The Notice clarifies that the relief was in response to the fact that “regional, national, or global circumstances due to the COVID-19 pandemic have continued to cause delays in the development of certain facilities eligible for the PTC and the ITC. These extraordinary delays have adversely affected the ability of many taxpayers to place facilities in service in time to meet the Continuity Safe Harbor.”

The Notice will be welcome relief to many taxpayers who have struggled with project delays in recent years.




Seeing a $100 Billion Market Opportunity, North Carolina Governor Commits to Developing 2.8 Gigawatts and Eight Gigawatts of Offshore Wind by 2030 and 2040, Respectively, through Executive Order

Last week, North Carolina Governor Roy Cooper issued Executive Order No. 218 titled, “Advancing North Carolina’s Economic and Clean Energy Future with Offshore Wind,” announcing a goal of developing 2.8 gigawatts of offshore wind energy resources by 2030 and eight gigawatts by 2040. This executive order comes after the North Carolina Department of Commerce issued a report in March that found offshore wind energy development along the Atlantic is a more than $100 billion market opportunity through 2035.

Within the order, Cooper recognizes the favorable economic impact offshore wind development will create for North Carolina, including an estimated 85,000 new jobs and $140 billion in capital expenditure along the Atlantic Coast by 2035. “This coordinated approach to developing our offshore wind supply chain will bring new jobs to North Carolina for generations to come,” North Carolina Secretary of Commerce Machelle Baker Sanders said. “From building out the supply chain, to installing equipment, to operating the wind facilities, North Carolina’s manufacturers and workforce are well positioned to play an integral role in the entire East Coast market, not just for projects directly off the state’s coast.”

In addition to the economic benefits the offshore wind development will bring to North Carolina, this executive order will further assist the state in achieving the North Carolina Clean Energy Plan’s goal of a 70% reduction in power sector greenhouse gas emissions by 2030 and carbon neutrality by 2050. “The coordinated effort of state and federal partners on this issue is an important step forward in our transition to a clean energy economy in North Carolina and key to meeting the goals of the state’s Clean Energy Plan,” North Carolina Clean Energy Director Dionne Delli-Gatti said.

North Carolina’s commitment to create 2.8 gigawatts of offshore wind capacity by 2030 and eight gigawatts by 2040 is one of the largest targets to date, exceeding Virginia’s goal of installing 5.2 gigawatts of offshore wind power by 2034 and New Jersey’s goal of 7.5 gigawatts by 2035, Michelle Allen, project manager for the North Carolina political affairs team at the Environmental Defense Fund, said. Although North Carolina’s target is one of the biggest to date, the target of 2.8 gigawatts would almost be completely fulfilled should North Carolina’s current offshore wind project, Kitty Hawk Offshore, be built to its full capacity of up to 2.5 gigawatts. If North Carolina reaches its target, the energy generated will power roughly 2.3 million homes by 2040.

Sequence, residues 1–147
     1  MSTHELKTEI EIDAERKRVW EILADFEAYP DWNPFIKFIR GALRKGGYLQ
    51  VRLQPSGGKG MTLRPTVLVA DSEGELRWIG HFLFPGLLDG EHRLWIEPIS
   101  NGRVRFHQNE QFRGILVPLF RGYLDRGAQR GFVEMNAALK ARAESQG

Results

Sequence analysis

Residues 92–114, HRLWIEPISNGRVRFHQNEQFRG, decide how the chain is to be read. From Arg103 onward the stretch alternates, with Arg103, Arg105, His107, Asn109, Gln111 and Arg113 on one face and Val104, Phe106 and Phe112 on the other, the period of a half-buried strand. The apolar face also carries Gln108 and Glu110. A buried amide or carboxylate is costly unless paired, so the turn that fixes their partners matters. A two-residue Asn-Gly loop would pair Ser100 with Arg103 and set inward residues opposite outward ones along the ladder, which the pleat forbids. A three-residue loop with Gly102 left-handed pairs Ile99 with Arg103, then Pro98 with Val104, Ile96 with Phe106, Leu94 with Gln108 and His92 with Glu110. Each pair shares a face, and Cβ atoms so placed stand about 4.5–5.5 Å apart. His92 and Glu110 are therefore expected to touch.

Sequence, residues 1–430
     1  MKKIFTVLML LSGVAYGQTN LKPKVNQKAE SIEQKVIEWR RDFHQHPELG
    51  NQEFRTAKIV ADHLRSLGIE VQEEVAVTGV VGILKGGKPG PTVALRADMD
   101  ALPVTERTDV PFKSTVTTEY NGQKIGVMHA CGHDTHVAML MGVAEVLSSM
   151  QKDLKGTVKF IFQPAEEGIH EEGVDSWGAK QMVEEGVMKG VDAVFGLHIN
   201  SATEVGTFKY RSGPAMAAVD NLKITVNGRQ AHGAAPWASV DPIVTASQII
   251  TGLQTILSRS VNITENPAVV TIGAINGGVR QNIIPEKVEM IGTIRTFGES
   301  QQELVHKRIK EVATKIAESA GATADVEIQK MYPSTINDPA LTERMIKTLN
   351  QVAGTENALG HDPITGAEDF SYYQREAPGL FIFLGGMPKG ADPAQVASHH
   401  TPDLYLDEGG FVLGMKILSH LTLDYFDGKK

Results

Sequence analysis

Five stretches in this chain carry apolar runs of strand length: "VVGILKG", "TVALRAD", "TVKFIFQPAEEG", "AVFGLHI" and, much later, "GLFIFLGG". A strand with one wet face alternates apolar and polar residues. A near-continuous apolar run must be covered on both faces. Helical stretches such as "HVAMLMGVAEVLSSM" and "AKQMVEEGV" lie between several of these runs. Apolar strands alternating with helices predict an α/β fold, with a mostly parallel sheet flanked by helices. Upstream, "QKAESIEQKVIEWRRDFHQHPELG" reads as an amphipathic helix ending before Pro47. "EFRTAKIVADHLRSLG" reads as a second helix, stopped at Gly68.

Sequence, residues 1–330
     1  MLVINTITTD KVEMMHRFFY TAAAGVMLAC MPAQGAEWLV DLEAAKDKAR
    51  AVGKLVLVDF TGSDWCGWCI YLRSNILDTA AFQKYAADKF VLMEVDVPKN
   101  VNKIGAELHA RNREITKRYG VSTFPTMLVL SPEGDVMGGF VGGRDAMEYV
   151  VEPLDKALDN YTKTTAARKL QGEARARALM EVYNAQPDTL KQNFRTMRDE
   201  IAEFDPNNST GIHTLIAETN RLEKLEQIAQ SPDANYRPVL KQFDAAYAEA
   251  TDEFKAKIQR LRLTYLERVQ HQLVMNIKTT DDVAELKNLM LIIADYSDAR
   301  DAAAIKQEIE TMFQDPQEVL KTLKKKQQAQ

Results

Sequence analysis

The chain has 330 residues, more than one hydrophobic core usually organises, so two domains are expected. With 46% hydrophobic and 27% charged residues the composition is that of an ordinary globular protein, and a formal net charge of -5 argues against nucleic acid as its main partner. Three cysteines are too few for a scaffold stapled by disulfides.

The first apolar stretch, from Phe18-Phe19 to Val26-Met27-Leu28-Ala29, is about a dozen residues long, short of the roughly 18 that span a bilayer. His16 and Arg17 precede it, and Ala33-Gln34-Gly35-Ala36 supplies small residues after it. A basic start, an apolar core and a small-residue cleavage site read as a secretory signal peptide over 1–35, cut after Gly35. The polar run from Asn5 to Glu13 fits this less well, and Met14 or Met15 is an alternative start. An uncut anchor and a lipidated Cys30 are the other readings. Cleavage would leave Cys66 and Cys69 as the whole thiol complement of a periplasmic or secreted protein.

As a result of the executive order, Sanders must appoint a clean energy economic development coordinator and create the North Carolina Taskforce for Offshore Wind Economic Research Strategies. The order further requires the state’s Department of Environmental Quality and Department of Military and Veterans Affairs (NCDMVA) to elect offshore wind coordinators and take steps to support offshore wind development.




Nine Governors Issue Letter to President Biden Urging Continued Prioritization of Offshore Wind Development

On June 4, 2021, days before the Biden Administration announced its intent to consider further expansion of offshore wind development in the Gulf of Mexico, nine governors issued a joint letter to US President Joe Biden’s administration to commend its commitment to offshore wind development and provide recommendations to build upon the momentum to prioritize offshore wind development in the United States.

Signed by the governors of Connecticut, Maine, Maryland, Massachusetts, New Hampshire, New Jersey, New York, Rhode Island and Virginia, the letter urges the Biden Administration to continue to prioritize offshore wind development while also focusing on the development of a long-term relationship and plan between the federal and state governments to advance the offshore wind industry. According to the governors’ joint letter, doing so will create thousands of jobs and cause significant investments to be made in aging ports and the accompanying US supply chain that will build, operate and maintain the new infrastructure.

The governors further noted that the expansion of the offshore wind industry “creates an unprecedented opportunity for the United States to capture significant economic development activity and build equity in coastal communities while improving air quality and increasing the option for energy diversity.” However, the governors also recognized in their joint letter that realization of this opportunity will depend on several variables, including “the pace and uniformity of the federal permitting process, the degree of regional coordination among states, the amount of available space in federal lease areas, the potential impacts on marine resources, and the availability of supporting infrastructure to deliver high-voltage power from project areas to the mainland.”

Notwithstanding, the governors aim to collaborate across their respective states to consult with one another regarding any permitting challenges, natural resource consideration, opportunities to coordinate schedules and to align construction timelines so that states’ respective clean energy targets may be met. Additionally, the governors provided the following strategies to support offshore wind development: